Spatial and temporal dynamics of rubella in Peru, 1997-2006: Geographic patterns, age at infection and estimation of transmissibility

Daniel Rios-Doria, Gerardo Chowell, Cesar Munayco-Escate, Alvaro Witthembury, Carlos Castillo-Chavez

Research output: Chapter in Book/Report/Conference proceedingChapter

6 Scopus citations


Detailed studies on the spatial and temporal patterns of rubella transmission are scarce particularly in developing countries but could prove useful in improving epidemiological surveillance and intervention strategies such as vaccination. We use highly refined spatial, temporal and age-specific incidence data of Peru, a geographically diverse country, to quantify spatial-temporal patterns of incidence and transmissibility for rubella during the period 1997-2006. We estimate the basic reproduction number (R 0) based on the mean age at infection and the per capita birth rate of the population as well as the reproduction number (accounting for the fraction of the population effectively protected to infection) using the initial intrinsic growth rate of individual outbreaks and estimates of epidemiological parameters for rubella. A wavelet time series analysis is conducted to explore the periodicity of the rubella weekly time series, and the results of our analyses are compared to those carried out for time series of other childhood infectious diseases. We also identify the presence of a critical community size and quantify spatial heterogeneity across geographic regions through the use of Lorenz curves and their corresponding Gini indices. The underlying distributions of rubella outbreak attack rates and epidemic durations across Peru are characterized.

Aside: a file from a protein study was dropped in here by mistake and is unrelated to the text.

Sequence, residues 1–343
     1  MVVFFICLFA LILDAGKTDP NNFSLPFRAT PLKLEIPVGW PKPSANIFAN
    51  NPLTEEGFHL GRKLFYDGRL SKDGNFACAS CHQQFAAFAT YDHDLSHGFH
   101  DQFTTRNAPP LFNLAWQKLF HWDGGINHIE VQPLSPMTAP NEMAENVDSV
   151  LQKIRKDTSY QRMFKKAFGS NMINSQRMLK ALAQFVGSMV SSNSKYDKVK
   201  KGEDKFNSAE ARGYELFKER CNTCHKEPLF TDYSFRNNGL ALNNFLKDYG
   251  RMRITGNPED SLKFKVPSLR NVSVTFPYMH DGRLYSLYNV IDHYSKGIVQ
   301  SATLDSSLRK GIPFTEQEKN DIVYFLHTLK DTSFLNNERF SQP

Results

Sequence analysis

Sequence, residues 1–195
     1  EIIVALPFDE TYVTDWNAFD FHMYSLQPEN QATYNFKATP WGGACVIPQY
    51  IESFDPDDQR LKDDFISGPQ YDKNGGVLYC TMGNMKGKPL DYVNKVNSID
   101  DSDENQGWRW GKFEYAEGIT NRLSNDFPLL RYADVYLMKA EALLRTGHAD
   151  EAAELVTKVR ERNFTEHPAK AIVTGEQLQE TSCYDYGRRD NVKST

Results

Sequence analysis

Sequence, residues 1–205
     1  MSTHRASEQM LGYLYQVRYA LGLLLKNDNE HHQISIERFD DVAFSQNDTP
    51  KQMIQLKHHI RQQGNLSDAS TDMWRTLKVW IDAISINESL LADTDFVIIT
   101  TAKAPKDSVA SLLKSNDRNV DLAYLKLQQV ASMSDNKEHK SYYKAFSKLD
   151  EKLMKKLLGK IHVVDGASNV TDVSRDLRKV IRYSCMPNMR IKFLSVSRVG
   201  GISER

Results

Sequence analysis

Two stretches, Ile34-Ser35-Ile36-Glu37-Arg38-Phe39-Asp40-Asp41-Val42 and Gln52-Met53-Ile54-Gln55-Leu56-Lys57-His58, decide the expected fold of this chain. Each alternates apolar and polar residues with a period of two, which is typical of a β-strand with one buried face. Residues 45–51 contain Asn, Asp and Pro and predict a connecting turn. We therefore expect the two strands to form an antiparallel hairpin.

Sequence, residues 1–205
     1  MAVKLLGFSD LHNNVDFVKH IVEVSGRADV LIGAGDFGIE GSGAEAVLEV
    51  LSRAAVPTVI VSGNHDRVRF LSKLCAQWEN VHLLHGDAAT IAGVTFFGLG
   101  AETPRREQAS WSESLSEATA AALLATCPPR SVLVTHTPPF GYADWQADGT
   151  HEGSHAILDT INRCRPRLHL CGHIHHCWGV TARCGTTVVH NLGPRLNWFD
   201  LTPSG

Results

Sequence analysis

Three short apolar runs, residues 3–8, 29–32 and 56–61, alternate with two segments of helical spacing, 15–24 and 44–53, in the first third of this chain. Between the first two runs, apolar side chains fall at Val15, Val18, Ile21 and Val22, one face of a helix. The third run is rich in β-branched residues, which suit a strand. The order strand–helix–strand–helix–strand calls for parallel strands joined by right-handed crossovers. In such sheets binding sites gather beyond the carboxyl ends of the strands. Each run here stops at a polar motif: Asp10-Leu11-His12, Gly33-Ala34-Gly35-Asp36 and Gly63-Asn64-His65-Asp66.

Original languageEnglish (US)
Title of host publicationMathematical and Statistical Estimation Approaches in Epidemiology
PublisherSpringer Netherlands
Number of pages17
ISBN (Print)9789048123124
StatePublished - 2009


  • Age at infection
  • Epidemic
  • Periodicity
  • Peru
  • Reproduction number
  • Rubella

ASJC Scopus subject areas

  • Mathematics(all)


Dive into the research topics of 'Spatial and temporal dynamics of rubella in Peru, 1997-2006: Geographic patterns, age at infection and estimation of transmissibility'. Together they form a unique fingerprint.

Cite this